* Dollar index off 0.15 percent, on track for February gain
* Profit-taking, month-end rebalancing driving flows
(Adds market action, changes dateline from LONDON)
By Karen Brettell
NEW YORK, Feb 28 The dollar weakened slightly on
Tuesday as investors awaited U.S. President Donald Trump's
speech to Congress for fresh indications of his economic plans
and as portfolios were rebalanced for month-end.
Investors were wary that Trump may disappoint those who
expect greater detail on how he will reform the tax code as he
focuses on domestic issues.
Price moves were muted as investors rebalanced portfolios
for the end of the month and were hesitant to take new positions
before Trump’s speech.
“Markets are a little bit cautious,” said Mark McCormick,
North American head of foreign exchange strategy at TD
Securities in Toronto. “I think it’s a mix of profit-taking
ahead of Trump, and also you have month-end rebalancing flows.
Those I think are the dominant drivers.”
The dollar rallied to a 14-year high soon after Trump won
the U.S. election in November, boosted by hopes he would
introduce large fiscal stimulus and reflationary plans, but the
greenback sagged in January and the first half of this month in
the absence of specifics on tax reform.
The dollar index against a basket of six major currencies
was last down 0.15 percent at 100.98. It is on track to
end February with a gain of around 1.5 percent.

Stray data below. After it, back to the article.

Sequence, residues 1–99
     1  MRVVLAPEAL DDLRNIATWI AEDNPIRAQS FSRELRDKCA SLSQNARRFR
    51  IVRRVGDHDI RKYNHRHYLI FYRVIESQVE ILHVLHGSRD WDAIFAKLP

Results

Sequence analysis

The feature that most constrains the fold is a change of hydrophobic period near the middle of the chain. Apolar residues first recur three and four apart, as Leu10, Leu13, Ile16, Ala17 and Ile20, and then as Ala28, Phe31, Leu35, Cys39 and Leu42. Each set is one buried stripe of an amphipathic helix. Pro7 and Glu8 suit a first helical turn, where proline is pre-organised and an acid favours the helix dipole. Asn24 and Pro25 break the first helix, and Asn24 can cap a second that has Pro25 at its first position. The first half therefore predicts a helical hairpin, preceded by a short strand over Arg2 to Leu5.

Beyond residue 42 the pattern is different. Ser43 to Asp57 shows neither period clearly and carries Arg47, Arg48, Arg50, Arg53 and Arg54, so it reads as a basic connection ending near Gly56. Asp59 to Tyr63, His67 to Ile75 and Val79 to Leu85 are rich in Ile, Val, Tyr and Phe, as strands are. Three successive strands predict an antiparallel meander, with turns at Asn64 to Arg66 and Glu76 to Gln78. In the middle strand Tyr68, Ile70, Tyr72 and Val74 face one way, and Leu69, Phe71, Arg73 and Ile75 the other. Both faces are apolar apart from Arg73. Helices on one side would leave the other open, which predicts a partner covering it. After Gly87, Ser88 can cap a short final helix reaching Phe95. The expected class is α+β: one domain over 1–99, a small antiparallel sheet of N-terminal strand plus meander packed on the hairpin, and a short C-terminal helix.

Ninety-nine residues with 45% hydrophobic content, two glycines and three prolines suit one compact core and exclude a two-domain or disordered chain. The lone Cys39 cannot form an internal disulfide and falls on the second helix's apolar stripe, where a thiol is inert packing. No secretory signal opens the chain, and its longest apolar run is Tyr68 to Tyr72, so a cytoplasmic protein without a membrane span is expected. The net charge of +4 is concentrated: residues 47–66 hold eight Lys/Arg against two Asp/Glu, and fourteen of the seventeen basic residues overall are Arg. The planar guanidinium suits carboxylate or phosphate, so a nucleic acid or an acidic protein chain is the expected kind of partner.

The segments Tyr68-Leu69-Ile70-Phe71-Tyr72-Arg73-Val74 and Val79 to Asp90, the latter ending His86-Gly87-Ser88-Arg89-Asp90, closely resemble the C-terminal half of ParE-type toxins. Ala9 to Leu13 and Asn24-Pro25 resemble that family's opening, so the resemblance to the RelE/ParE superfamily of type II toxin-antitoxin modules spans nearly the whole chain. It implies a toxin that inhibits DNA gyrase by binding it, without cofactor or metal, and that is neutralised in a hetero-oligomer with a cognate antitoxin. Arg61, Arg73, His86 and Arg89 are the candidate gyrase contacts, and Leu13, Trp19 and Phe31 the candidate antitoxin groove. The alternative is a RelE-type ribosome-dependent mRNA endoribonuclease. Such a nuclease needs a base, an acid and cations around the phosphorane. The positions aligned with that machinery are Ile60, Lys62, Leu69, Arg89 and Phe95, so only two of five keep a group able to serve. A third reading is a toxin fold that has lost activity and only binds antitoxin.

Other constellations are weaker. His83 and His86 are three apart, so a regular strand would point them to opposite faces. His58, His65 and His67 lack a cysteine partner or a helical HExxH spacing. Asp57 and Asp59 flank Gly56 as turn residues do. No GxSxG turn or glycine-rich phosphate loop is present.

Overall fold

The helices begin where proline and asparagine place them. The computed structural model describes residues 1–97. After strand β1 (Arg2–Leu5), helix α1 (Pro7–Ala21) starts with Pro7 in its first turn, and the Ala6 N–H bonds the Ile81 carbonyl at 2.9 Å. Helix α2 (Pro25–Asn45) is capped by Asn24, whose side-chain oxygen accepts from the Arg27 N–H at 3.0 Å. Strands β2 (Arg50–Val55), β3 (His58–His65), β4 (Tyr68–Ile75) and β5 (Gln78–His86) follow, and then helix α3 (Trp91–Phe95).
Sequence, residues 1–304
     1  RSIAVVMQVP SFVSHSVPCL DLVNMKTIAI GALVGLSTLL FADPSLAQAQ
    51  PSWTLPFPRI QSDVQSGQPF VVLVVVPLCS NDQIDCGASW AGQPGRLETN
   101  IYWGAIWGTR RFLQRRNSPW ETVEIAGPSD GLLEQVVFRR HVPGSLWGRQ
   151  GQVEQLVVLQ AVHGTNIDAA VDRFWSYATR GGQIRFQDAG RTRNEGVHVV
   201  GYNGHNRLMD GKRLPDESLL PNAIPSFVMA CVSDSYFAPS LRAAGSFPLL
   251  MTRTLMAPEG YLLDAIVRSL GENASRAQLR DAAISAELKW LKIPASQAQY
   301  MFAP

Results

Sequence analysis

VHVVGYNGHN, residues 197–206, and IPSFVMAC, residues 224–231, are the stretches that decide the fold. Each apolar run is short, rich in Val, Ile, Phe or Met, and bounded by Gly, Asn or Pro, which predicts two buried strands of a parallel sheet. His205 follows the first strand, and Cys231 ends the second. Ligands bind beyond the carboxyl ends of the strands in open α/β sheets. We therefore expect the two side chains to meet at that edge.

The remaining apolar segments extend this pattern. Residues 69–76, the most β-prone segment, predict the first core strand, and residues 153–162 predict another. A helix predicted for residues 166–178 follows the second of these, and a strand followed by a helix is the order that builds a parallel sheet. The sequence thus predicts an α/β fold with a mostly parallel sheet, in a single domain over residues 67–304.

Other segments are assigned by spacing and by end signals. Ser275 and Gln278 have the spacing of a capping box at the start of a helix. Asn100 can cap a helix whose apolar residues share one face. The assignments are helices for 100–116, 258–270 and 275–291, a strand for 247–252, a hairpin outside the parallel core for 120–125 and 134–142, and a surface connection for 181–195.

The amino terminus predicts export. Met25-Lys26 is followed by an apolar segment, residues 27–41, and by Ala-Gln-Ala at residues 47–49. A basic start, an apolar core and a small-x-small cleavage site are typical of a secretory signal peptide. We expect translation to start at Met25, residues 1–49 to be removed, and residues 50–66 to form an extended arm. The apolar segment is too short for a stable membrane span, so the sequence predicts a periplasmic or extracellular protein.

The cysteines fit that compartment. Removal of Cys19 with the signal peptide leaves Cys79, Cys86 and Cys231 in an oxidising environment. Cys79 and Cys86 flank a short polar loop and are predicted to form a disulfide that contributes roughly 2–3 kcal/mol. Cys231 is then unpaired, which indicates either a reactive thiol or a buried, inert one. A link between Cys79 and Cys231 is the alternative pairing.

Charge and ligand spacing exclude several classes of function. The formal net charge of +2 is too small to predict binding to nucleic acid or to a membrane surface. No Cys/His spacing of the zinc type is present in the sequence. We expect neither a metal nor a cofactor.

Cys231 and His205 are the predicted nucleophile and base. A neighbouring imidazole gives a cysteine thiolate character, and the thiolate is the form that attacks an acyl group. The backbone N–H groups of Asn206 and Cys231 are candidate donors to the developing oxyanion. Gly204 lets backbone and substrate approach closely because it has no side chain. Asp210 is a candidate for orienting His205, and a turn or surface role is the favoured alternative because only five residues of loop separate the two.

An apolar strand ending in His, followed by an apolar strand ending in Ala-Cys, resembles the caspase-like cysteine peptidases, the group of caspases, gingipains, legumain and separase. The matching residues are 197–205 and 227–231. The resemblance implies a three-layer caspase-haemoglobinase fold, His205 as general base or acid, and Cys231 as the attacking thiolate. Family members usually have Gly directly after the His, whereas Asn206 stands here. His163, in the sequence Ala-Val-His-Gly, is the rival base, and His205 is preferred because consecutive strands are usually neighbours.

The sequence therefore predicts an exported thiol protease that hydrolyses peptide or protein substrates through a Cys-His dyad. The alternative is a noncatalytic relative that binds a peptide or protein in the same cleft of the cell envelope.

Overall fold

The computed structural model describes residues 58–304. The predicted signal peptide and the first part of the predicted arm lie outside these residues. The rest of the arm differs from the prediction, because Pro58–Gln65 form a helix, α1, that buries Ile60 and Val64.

Safe-haven currencies including the Japanese yen were
stronger, with the yen gaining 0.59 percent to 112.02.
"Forex looks to be trading a little bit risk off today,"
said Sam Lynton-Brown, a strategist with BNP Paribas in London.
The dollar/yen has also been highly correlated with U.S.
bond yields, with lower Treasury yields on Tuesday helping the
Investors also focused on when the Federal Reserve is likely
to next raise interest rates as a plethora of Fed officials
deliver speeches this week, culminating in an address by Fed
Chair Janet Yellen on Friday.
Expectations that the U.S central bank may raise rates when
it meets in March have risen in the past week on hawkish Fed
statements and stronger economic data, though market pricing is
still seen as being well below levels that would encourage the
Fed to move.
Futures traders are pricing in only a 33 percent chance of a
March rate increase, according to CME Group’s FedWatch Tool.
(Additional reporting by Patrick Graham in London; Editing by